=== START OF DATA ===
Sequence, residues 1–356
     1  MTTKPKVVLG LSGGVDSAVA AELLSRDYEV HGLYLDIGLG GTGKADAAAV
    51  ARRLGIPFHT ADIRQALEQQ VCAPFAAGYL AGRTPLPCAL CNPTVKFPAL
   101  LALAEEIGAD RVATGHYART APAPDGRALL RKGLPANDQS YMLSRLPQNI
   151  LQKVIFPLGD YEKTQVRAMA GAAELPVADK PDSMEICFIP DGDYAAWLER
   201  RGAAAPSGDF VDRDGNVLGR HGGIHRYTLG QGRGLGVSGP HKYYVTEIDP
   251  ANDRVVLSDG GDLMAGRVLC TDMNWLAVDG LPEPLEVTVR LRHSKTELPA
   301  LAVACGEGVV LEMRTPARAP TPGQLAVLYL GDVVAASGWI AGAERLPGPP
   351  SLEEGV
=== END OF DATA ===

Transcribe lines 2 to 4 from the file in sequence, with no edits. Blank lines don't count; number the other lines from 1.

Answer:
     1  MTTKPKVVLG LSGGVDSAVA AELLSRDYEV HGLYLDIGLG GTGKADAAAV
    51  ARRLGIPFHT ADIRQALEQQ VCAPFAAGYL AGRTPLPCAL CNPTVKFPAL
   101  LALAEEIGAD RVATGHYART APAPDGRALL RKGLPANDQS YMLSRLPQNI